Friday, November 27, 2009


This morning, She Who Must Be Obeyed drew my attention to an obituary in the AJC - what Denny calls the “Atlanta Urinal and Constipation.”

SWMBO reads the obits every day. She figures that if she doesn’t see her name there, she’s OK.

“Check this out,” she said. “This reads like something from Speaker for the Dead!” The reference was to Orson Scott Card’s novel, a sequel to his immensely popular Ender’s Game. Speaker for the Dead is a thoughtful and brilliantly-drawn story in which the titular character speaks at people’s funerals, revealing their real essence as human beings, warts and all. A Speaker delivers not a mere eulogy, but a complete deconstruction of a person’s life... and not all of it is pretty.

And so, when she saw this death notice for one John Fedesky, it really got her attention:
JOHN WALTER FEDESKY, 56, of Atlanta, died November 9 of cancer of the brain and esophagus. John was a truly colorful character. He had all the habits of Southern politeness, but suffered from a lifelong mental illness... After his father died in 1967, John, only 14, reacted by participating in the drug culture which helped to trigger his schizophrenia. The resulting damage affected him the remainder of his life. It was many years before doctors had available the optimum combination of drugs for his mental illness without the side effects that had caused him to reject them...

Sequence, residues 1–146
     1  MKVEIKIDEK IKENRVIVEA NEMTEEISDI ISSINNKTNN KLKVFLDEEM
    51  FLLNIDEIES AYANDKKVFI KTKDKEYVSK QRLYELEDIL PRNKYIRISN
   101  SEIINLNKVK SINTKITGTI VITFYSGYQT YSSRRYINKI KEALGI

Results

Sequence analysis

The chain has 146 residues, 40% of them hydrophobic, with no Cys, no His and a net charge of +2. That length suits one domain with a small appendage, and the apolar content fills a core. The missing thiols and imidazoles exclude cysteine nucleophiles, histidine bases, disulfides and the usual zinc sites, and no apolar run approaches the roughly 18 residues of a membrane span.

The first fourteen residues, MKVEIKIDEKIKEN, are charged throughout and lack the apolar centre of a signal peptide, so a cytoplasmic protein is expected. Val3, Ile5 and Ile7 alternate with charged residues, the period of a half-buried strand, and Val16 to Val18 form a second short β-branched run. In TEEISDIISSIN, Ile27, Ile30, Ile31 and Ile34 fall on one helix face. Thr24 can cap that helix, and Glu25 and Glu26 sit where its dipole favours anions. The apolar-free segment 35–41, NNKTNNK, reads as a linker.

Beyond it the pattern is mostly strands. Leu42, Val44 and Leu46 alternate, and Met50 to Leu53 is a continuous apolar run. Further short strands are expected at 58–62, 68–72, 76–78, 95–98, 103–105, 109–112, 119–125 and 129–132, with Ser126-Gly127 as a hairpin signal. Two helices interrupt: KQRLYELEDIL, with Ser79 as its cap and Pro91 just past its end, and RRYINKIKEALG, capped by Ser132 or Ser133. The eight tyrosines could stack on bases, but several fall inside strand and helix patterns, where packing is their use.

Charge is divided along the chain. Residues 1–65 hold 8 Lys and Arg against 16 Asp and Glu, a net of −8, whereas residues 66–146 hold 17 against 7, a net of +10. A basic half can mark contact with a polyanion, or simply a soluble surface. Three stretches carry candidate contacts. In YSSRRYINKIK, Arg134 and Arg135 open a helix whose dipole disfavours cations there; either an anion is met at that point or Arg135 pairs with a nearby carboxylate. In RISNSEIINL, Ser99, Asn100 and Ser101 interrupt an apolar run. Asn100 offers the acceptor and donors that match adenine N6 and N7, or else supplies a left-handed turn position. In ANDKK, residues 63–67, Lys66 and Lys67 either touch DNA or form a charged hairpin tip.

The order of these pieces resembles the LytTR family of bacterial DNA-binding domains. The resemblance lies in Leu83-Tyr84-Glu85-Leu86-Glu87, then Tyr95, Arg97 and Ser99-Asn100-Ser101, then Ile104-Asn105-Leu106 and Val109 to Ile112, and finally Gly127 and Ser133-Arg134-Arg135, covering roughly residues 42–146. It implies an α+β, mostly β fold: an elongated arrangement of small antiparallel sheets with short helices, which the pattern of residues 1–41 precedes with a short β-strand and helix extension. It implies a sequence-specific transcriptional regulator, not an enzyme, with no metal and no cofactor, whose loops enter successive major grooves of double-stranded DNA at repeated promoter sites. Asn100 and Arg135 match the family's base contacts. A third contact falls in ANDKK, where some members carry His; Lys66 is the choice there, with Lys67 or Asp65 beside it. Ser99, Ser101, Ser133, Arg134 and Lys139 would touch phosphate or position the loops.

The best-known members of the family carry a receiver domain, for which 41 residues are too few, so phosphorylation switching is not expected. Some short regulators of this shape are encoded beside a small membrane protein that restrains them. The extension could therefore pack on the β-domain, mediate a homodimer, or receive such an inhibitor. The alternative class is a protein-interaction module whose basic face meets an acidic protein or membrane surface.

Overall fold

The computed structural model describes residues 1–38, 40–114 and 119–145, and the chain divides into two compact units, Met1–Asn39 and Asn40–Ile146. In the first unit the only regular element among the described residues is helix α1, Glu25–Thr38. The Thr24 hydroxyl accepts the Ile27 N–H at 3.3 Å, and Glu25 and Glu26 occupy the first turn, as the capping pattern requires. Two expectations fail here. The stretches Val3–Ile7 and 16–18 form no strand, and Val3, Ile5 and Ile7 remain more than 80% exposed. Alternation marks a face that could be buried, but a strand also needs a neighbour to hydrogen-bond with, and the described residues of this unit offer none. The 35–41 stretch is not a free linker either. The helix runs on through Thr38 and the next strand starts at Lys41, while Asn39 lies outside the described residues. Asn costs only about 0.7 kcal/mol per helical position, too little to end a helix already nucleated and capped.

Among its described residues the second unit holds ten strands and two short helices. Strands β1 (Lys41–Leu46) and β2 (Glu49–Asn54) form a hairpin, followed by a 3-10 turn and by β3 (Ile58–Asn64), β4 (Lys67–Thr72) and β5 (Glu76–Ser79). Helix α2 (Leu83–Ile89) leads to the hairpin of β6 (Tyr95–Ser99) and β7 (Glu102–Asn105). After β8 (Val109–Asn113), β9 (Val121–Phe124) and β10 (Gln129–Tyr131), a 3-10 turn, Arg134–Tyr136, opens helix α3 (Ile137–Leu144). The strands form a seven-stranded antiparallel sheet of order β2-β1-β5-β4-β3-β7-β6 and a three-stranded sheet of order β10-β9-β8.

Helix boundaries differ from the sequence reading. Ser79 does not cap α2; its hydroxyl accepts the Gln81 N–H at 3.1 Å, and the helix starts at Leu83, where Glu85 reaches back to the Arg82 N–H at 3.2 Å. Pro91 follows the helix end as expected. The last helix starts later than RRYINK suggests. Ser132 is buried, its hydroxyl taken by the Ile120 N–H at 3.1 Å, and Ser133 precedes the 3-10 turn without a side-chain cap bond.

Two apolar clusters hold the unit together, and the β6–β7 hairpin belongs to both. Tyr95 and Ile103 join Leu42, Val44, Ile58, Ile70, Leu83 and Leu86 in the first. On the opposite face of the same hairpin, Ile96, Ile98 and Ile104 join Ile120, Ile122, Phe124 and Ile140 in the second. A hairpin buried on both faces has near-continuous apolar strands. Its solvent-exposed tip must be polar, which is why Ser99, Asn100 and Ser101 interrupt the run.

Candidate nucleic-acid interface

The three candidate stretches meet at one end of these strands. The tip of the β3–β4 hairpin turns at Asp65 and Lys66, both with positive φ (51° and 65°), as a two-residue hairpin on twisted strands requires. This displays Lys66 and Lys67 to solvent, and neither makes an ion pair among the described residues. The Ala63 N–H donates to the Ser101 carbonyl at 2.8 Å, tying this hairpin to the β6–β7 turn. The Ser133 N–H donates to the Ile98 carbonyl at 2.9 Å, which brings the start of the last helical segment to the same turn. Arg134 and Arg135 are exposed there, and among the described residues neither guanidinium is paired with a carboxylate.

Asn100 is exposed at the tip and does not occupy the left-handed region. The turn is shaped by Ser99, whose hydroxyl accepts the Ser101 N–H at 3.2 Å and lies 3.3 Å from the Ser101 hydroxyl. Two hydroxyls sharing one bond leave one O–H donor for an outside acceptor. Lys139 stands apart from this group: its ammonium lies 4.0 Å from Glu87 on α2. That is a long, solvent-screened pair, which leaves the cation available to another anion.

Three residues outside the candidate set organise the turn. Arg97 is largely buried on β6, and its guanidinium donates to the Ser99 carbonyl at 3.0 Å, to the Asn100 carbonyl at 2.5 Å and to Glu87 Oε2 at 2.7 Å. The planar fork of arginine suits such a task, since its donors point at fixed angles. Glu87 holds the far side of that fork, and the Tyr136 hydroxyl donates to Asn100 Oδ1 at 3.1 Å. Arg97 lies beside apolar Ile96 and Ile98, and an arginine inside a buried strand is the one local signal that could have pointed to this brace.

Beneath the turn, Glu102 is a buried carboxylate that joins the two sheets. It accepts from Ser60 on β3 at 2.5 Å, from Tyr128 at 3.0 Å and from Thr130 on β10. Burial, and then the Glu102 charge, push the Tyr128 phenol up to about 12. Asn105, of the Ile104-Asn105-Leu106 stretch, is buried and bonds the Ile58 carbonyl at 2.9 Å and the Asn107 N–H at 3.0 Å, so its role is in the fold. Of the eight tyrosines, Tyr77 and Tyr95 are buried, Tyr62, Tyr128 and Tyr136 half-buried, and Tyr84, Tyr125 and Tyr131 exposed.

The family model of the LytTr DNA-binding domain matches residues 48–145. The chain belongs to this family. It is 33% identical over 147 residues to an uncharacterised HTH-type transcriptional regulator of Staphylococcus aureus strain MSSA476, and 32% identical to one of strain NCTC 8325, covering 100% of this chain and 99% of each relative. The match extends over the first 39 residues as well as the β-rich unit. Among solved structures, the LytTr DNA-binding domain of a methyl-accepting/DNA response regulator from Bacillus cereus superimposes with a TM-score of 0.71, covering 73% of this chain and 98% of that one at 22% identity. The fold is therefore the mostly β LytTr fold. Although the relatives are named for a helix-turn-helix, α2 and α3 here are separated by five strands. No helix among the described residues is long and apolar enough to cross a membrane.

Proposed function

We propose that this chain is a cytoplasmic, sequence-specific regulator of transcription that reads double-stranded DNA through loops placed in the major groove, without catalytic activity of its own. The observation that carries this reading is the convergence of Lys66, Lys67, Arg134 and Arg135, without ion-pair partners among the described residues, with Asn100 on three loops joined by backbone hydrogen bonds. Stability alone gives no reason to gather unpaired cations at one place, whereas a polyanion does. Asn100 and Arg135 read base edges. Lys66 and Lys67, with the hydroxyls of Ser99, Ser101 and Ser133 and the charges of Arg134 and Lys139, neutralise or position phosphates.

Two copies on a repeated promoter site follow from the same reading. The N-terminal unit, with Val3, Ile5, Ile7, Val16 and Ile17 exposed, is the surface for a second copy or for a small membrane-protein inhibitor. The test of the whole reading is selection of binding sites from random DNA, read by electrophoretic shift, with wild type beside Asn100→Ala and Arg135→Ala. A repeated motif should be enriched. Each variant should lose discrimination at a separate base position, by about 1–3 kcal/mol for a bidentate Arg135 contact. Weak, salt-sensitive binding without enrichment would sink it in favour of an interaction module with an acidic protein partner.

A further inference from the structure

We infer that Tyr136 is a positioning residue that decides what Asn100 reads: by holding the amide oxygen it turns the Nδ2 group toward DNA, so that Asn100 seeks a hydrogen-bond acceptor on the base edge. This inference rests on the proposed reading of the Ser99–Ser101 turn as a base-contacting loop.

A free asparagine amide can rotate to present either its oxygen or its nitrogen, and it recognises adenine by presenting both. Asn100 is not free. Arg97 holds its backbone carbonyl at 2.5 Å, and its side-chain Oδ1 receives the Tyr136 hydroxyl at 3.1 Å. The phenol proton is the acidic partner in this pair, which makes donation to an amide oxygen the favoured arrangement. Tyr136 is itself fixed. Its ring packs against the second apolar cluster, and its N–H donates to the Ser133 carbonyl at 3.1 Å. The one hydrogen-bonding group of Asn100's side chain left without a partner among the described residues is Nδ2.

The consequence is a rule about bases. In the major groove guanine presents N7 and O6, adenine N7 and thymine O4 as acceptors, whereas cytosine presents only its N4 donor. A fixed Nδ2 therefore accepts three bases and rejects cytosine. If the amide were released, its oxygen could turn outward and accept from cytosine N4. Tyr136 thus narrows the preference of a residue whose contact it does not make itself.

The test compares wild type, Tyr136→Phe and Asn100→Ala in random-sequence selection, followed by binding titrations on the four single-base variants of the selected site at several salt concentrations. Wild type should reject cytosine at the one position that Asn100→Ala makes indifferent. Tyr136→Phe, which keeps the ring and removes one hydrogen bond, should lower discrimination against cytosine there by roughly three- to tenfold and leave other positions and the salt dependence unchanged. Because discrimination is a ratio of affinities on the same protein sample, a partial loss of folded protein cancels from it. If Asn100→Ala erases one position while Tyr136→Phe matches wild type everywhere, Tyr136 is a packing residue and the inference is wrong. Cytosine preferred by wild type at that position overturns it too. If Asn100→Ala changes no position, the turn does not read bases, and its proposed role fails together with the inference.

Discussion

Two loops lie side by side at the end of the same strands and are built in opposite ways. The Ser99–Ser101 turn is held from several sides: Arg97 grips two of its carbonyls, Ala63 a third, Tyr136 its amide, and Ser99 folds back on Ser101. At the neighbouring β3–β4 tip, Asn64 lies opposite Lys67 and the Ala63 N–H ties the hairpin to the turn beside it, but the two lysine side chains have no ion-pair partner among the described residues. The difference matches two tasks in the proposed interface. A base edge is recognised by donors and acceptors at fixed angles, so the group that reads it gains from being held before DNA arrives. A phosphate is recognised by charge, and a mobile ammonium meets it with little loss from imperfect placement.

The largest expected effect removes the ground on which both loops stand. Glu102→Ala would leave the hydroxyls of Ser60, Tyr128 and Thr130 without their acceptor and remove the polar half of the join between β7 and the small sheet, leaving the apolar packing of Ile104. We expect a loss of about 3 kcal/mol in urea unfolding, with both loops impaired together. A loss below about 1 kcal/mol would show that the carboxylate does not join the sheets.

...John was baptized in the Church of Christ in 1971 and from then on studied the Bible devotedly for the rest of his life. He wanted to be either a minister or missionary or President of the United States. He spoke to almost everyone around him. For those who had income, he incessantly asked for money, but his notion of necessities were often considered by the donors as luxuries, and the relationships always eroded. For those with no income, he was generous with whatever he happened to have at the moment. He was unable to earn a living most of his life...
Ya gotta admit, it has the ring of honesty. Not a lot of lily-gilding going on here. And amidst a page full of puff pieces about the local Good Ol’ Boys who went to church regularly, were president of their local Kiwanis or Rotary Club, and who went to their reward surrounded by a small army of loving children, grandchildren, aunts, uncles, and Second Cousins, the End Story for Mr. Fedesky stands out like a polo pony at a NASCAR event.

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